Lawmakers also reconsidered their dissolution of the free Black militia. Following the German Coast insurrection led by enslaved plantation workers in 1811, the militia was reinstated the next year. During the War of 1812, free men of color were called upon to defend New Orleans against the British. Two free Black battalions, which included 353 New Orleanians and 256 Saint-Dominguans, fought for the United States in the 1815 Battle of New Orleans.

Pre-Civil War Period: 1820–1862

In the years after the Battle of New Orleans Louisiana experienced tremendous economic growth, underpinned by the expansion of slavery. This rapid development during the first half of the nineteenth century provided free people of color opportunities to increase their assets. Most individuals owned small amounts of property, but some became quite wealthy. In 1861 merchant tailor François Lacroix had a real estate portfolio worth more than $200,000 (over six million dollars in 2022). Andrew Durnford enslaved seventy men, women, and children on a large plantation in Plaquemines Parish valued at $161,000 in 1850 (about five million dollars today).

This period also saw major demographic changes. Large numbers of Anglo-Americans from other states and immigrants from Europe relocated to Louisiana while the domestic slave trade forced the movement of enslaved men, women, and children from the Upper South to Louisiana to labor on a growing number of plantations. These changes negatively impacted free men and women of color. As the number of free people of color in Louisiana continued to grow, reaching its peak in 1840, local and state lawmakers passed additional measures to limit the population and create more racial boundaries.

Faced with increasing discrimination, free people of color began to develop their own institutions in the 1830s and 1840s. In New Orleans French-speaking free people of color created religious organizations, literary societies, mutual aid organizations, and schools. Henriette Delille founded the Sisters of the Holy Family, a Catholic order of nuns between 1836 and 1852. Free men of color formed mutual aid societies, including the Société des Artisans (1834) and the Société d’Economie (1836). In 1847 a group of men led by François Lacroix founded L’Institution Catholique des Orphelins Indigents, a school created in fulfilment of a bequest by Marie Couvent. With their family connections and social networks, these collective institutions further strengthened associations among Francophone free people of color.

The nineteenth century also saw the development of an English-speaking population of free people of color in New Orleans, consisting of formerly enslaved people who arrived through the domestic slave trade as well as free Black migrants. These men and women also created institutions, including Protestant churches and Masonic lodges. They remained mostly separate from the larger French-speaking, Catholic free Black community.

Outside of New Orleans, St. Landry and Natchitoches Parish had the largest numbers of free people of color. Rural free Black populations originated in the Spanish period. The first generations were often the children of formerly enslaved women and white men. Their descendants usually married other free people of color, forming extended family units that owned farms and plantations. The Isle Brevelle community in Natchitoches is one notable example. Founded by the children of Marie Thérèse CoinCoin and Frenchman Claude Pierre Metoyer, Isle Brevelle contained eighty-nine families in 1860. They owned thousands of acres and hundreds of enslaved people. Rural free people of color also built their own spaces of worship and education. Augustin Metoyer, the son of CoinCoin and Metoyer, erected a Catholic church in Isle Brevelle in 1829. Free children of color in St. Landry Parish attended the Grimble Bell School.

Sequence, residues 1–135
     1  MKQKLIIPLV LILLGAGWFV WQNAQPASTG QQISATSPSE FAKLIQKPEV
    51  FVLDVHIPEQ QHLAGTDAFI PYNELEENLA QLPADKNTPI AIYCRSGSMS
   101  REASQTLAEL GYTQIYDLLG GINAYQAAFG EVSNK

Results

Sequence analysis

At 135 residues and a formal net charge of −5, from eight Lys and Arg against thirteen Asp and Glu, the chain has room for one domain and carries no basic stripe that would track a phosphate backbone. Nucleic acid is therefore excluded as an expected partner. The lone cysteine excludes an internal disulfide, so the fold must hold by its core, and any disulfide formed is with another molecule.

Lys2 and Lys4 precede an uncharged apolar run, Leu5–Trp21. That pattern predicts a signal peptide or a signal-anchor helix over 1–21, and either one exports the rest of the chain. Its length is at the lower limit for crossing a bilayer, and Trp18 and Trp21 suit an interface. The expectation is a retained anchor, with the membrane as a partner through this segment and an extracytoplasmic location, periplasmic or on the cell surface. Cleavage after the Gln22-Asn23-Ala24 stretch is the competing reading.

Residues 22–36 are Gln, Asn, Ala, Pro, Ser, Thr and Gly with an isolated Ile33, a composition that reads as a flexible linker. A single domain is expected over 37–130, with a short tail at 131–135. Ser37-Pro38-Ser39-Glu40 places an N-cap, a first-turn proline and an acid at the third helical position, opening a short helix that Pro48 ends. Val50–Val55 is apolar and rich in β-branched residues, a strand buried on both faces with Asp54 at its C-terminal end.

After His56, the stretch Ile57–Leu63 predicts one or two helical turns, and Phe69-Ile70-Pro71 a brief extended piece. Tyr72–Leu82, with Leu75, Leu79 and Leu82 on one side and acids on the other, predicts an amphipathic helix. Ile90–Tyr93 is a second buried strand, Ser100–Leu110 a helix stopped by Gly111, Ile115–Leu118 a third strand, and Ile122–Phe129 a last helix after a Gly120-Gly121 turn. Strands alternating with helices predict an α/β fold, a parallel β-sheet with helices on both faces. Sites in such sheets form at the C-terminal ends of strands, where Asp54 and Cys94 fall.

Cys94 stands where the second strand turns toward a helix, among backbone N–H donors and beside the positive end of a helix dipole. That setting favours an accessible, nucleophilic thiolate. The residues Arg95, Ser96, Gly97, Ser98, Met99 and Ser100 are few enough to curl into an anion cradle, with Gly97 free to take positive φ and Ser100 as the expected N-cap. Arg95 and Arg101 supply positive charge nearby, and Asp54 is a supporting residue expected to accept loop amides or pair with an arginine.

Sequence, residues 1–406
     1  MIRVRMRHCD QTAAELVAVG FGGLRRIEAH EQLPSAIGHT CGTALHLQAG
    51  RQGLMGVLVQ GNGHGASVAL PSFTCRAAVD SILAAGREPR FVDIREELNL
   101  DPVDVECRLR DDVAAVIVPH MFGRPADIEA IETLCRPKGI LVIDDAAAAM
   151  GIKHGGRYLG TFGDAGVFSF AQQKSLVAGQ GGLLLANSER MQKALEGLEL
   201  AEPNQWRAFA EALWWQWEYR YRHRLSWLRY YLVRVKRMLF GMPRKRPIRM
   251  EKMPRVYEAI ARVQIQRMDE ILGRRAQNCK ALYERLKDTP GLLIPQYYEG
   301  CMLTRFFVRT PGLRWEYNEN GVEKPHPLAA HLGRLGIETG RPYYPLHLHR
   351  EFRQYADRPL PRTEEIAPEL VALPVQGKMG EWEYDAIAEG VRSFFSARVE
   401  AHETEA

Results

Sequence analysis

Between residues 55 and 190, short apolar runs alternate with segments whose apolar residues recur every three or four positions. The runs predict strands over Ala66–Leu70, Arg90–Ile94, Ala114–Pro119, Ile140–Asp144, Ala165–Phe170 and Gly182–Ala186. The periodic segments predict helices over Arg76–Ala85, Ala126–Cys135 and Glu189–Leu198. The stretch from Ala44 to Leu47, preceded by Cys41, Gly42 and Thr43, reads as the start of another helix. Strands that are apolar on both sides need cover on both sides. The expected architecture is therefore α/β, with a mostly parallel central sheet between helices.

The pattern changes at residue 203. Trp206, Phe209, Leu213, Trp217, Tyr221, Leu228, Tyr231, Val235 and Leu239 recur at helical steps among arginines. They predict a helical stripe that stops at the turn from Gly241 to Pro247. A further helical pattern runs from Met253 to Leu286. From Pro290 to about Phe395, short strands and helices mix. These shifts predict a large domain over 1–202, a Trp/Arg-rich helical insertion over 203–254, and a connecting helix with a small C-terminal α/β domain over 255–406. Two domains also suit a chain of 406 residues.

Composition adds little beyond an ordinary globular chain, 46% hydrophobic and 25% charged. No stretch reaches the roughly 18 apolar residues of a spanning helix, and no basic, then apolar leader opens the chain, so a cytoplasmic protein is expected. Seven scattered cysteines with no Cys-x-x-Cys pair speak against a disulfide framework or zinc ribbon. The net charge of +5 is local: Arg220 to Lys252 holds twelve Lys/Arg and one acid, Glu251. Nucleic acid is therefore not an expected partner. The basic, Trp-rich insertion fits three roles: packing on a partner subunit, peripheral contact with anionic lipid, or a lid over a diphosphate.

In the decade before the Civil War, free Louisianans of color experienced repressive laws, racially motivated violence, and vilification by the media. In the southwestern parishes, white “vigilante committees” shut down the Grimble Bell School and used violence to force free Black residents to leave. In addition to laws that circumscribed their rights, free men and women of African descent in New Orleans faced competition in the labor market from the influx of European immigrants to the city. Some families left Louisiana for better treatment and opportunities in places like Mexico, Haiti, and France.


The Civil War radically changed the social, political, and economic conditions of free people of color in Louisiana. The passage of the 13th Amendment dissolved the categories of “slave” and “free person of color,” but cultural and class differences remained. During the Civil War and Reconstruction, free men of color led the struggle for Black civil rights and racial equality. Following federal occupation of New Orleans in 1862, free men of color successfully pressed to serve in the Union Army, established newspapers to espouse their political views, and fought for the right to vote for all Black men. Their political activism continued after the war. Men like French-speaking Louis Charles Roudanez and English-speaking Oscar J. Dunn sought to ensure that all Black Louisianans enjoyed their rights as American citizens in what can be considered the first civil rights movement.